A further object is to provide a clamp shoe adapted to various types of clamps or the like, and adaptable to use in widely different installations.

A further object of the invention is to provide a device which is readily connected to and disconnected from the clamp or other device with which it is associated.

Further objects and advantages of the invention will be apparent from the following description, taken in connection with the appended drawing, in which:

Fig. 1 is a view in elevation of an assembly including one form of device embodying the invention, showing the same in relation to the work.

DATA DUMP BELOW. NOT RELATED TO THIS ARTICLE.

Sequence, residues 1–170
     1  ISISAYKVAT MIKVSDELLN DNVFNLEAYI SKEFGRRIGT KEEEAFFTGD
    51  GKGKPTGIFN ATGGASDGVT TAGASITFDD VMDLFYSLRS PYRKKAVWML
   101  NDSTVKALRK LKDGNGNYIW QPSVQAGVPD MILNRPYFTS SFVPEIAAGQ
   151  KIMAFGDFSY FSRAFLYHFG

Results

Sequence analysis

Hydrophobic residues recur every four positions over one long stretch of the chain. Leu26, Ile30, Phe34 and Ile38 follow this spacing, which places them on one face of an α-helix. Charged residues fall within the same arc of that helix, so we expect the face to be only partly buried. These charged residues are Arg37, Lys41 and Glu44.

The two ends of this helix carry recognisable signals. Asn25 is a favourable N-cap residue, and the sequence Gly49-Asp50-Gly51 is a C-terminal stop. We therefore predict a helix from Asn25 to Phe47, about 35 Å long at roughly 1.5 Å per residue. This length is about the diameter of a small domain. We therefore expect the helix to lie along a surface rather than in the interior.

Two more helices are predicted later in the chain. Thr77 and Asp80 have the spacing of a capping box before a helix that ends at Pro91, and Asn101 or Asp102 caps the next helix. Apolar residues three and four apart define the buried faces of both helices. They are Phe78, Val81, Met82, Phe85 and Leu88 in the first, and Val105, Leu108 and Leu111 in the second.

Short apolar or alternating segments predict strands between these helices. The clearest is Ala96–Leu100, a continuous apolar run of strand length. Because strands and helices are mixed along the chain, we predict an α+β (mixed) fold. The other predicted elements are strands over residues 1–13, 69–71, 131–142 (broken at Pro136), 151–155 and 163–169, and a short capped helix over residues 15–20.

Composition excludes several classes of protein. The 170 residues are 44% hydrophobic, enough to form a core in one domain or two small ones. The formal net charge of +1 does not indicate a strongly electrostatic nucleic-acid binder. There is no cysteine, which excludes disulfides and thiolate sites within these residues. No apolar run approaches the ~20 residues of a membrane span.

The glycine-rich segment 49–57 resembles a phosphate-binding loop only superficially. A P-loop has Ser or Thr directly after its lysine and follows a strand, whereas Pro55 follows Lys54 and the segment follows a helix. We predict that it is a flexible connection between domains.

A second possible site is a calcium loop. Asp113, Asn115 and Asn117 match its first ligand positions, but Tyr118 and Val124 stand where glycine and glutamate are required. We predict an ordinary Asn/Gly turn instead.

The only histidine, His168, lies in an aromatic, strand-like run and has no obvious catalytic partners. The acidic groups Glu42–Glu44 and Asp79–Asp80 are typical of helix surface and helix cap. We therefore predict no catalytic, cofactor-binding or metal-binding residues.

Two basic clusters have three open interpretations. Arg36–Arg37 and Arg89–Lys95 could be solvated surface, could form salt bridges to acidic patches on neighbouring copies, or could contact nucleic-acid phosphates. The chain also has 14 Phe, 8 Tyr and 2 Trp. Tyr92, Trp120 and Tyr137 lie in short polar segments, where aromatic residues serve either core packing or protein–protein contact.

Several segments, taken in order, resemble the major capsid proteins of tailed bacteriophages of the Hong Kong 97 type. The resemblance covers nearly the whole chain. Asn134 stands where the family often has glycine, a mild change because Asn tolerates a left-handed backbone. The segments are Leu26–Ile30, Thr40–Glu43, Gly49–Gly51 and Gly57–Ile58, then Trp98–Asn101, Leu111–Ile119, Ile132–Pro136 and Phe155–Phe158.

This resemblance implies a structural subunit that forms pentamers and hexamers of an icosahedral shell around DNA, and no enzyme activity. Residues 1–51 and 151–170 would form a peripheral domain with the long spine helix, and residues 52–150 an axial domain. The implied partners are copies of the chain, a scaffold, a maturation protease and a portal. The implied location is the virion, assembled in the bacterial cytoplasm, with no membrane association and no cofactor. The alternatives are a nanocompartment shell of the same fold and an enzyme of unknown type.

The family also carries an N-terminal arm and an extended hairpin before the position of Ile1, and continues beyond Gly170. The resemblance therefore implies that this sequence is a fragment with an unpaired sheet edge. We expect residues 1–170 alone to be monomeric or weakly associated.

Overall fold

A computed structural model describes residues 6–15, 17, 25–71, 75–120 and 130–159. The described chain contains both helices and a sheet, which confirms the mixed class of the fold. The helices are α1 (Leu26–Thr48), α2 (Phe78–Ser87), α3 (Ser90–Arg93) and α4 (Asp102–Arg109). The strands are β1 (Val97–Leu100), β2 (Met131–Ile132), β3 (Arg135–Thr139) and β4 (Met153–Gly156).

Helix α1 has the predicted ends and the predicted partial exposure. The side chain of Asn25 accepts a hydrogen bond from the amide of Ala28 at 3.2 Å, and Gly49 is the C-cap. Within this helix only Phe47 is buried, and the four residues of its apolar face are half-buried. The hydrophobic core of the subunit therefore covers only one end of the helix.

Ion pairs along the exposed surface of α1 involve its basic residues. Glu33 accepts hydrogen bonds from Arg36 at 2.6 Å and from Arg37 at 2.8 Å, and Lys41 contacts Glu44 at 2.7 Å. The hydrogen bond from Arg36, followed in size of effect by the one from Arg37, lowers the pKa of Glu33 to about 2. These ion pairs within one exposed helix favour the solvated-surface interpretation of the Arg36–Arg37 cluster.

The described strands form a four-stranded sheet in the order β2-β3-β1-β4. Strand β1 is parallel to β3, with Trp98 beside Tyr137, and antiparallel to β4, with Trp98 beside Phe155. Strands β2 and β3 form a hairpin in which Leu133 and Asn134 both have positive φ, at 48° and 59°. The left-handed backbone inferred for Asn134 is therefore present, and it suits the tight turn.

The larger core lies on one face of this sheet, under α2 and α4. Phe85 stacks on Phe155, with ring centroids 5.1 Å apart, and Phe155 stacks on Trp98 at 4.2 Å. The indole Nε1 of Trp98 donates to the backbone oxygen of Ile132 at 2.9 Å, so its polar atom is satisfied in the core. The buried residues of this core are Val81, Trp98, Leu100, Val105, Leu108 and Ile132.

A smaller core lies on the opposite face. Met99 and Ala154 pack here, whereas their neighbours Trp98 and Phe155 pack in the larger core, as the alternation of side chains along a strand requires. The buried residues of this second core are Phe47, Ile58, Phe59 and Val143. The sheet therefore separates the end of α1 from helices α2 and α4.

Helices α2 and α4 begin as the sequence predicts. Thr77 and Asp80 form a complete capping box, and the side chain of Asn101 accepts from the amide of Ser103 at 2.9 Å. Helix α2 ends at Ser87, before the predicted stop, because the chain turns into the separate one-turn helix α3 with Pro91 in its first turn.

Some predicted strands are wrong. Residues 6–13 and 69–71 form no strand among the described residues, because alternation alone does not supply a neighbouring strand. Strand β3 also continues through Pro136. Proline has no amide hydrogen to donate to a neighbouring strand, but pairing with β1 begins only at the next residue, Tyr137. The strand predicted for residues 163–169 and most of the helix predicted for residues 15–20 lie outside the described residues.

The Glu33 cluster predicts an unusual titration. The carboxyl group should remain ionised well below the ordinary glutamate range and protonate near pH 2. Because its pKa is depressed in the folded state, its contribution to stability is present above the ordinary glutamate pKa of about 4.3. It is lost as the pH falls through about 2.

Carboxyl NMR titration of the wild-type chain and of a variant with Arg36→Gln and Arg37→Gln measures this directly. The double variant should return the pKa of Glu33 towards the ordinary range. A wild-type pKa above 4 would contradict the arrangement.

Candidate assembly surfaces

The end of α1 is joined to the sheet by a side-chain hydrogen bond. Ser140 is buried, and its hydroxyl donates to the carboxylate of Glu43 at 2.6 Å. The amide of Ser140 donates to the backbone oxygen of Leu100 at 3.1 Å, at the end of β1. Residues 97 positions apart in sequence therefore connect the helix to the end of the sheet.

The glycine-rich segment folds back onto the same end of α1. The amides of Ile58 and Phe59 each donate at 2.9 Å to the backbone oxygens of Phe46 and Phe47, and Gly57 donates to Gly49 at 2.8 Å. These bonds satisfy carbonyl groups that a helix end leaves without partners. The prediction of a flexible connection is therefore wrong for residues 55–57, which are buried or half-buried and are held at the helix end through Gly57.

Fig. 2 is an enlarged longitudinal section of the same form of device.

Fig. 3 is an end elevation of the work-engaging part of the device.

Fig. 4 is a side view, partly in section, of the part shown in Fig. 3.

Figs. 5 and 6 are views in side elevation, with parts broken away, of two modified forms of the invention.

Fig. 7 is a cross-sectional view, with parts broken away, taken on line 'i'! of Fig. 6.

It is to be understood that the invention is not limited in its application to the details of construction and arrangement of parts illustrated in the accompanying drawings, since the invention is capable of other embodiments and of being practiced or carried out in various ways. Also it is to be understood that the phraseology 0r terminology employed herein is for the purpose of description and not of limitation.